Easy way to apply a function?

Sep 9, 2010 at 11:39 AM

I'm working on getting a language moved over to the DLR slowly, piece by piece (Scheme). I find myself with an (object) function, and any number of (object) arguments. 

I found that I can use the Invoke method of Runtime.Operations, like so:

runtime.Operations.Invoke(func);

runtime.Operations.Invoke(func, arg1);

runtime.Operations.Invoke(func, arg1, arg2);

However, that has a limit of using between 0 and 2 arguments. Also, it doesn't take params-type parameter option, so I find I need to call each of the above depending on the argument count.

Is there an easy way to call these functions using a part of the DLR or reflection?

Thanks for any pointers,

-Doug

Sep 9, 2010 at 5:11 PM

Do you have the latest DLR binaries? Invoke taking any number of parameters is available there:
public dynamic Invoke(object obj, params object[] parameters)

You can download them from IronRuby or IronPython Codeplex sites:

http://ironruby.codeplex.com/releases/view/43540

http://ironpython.codeplex.com/releases/view/42434

 

Sep 9, 2010 at 7:01 PM

Great! However, I'm using the most recent that I can use, and it must not support that.

Is there an alternate method of function invoking that works on DLR 0.9?

-Doug

 

Sep 9, 2010 at 8:27 PM

How exactly do you use these APIs? Do you have a host app that needs to invoke some objects?

Sep 9, 2010 at 9:51 PM

Yes, I have some Python and Ruby functions (and other callables) and values, and I would like to be able to reach in from Scheme and apply the functions. Once Scheme is a full-fledged DLR language, it won't be an issue, but just trying to make a hybrid version for now.

Something like this currently:

public static object clr_apply(object proc, object args) {
    int len = (int) length(args);
    if (len == 0) {
        return _dlr_runtime.Operations.Invoke(proc);
    } else if (len == 1)
        return _dlr_runtime.Operations.Invoke(proc, list_ref(args, 0));
    else if (len == 2)
        return _dlr_runtime.Operations.Invoke(proc, list_ref(args, 0), list_ref(args, 1));
}

-Doug

 

Sep 9, 2010 at 10:07 PM

So you're emitting an expression tree that calls clr_apply for applications written in Scheme? If so I would suggest using Expression.Dynamic instead.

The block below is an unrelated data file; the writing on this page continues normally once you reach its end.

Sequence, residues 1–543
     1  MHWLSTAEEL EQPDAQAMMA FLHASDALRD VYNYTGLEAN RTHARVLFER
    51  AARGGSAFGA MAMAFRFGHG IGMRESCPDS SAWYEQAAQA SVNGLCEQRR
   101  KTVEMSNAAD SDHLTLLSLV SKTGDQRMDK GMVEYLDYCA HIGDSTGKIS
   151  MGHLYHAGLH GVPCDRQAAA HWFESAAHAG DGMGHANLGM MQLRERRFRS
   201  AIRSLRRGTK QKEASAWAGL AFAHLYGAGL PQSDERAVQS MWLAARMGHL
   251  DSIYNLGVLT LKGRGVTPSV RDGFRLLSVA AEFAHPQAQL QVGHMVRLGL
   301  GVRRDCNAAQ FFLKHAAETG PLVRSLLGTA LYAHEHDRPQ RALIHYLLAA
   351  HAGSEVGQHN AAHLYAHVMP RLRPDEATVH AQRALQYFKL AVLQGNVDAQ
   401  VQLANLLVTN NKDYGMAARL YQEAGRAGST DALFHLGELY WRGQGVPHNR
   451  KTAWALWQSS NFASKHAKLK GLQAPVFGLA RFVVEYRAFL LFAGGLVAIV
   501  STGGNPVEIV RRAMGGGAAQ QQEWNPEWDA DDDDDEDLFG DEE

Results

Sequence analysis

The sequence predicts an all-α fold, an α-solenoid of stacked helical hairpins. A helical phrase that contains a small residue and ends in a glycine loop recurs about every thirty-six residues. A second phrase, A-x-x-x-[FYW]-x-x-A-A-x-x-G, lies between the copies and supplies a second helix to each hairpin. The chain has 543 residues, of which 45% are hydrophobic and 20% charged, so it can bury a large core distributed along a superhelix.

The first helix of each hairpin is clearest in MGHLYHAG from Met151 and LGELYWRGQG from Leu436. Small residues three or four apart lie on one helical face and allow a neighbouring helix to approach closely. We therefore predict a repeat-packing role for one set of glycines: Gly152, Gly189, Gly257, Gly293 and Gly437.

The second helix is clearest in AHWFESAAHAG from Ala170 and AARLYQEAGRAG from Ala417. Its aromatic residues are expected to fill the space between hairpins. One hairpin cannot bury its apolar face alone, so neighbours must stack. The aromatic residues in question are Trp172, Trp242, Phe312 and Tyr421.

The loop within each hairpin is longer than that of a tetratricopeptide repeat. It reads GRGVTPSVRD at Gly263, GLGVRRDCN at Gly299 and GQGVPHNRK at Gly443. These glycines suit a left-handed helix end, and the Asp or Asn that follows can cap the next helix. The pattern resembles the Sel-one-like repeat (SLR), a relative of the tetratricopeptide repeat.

Alternatively, you can copy code from http://github.com/ironruby/ironruby/blob/master/Runtime/Microsoft.Scripting/Runtime/DynamicOperations.cs and implement Operations.Invoke with params array on your own.

Sep 9, 2010 at 10:56 PM
TomasMatousek wrote:

So you're emitting an expression tree that calls clr_apply for applications written in Scheme? If so I would suggest using Expression.Dynamic instead.

Alternatively, you can copy code from http://github.com/ironruby/ironruby/blob/master/Runtime/Microsoft.Scripting/Runtime/DynamicOperations.cs and implement Operations.Invoke with params array on your own.

None of this Scheme's internals use the DLR yet. The first step is to be able to access the DLR global environment. Done. Next, be able to invoke DLR functions.(I'm not sure if this Scheme will ever evolve into a fast, stable system, but it is a good project for learning the ins and outs of the DLR. This Scheme was written in Scheme, and then automatically translated through a series of transformations into CSharp. It implements proper recursive tail calls and so it contains its own infrastructure for executing code paths. It is currently probably about 1.5 magnitudes slower than similarly written Iron Python code. But there are some obvious speed ups to make, so who knows!)

At this point, I will probably wait on C.J.'s team getting DLR 1.0 ready.

Thanks again!

-Doug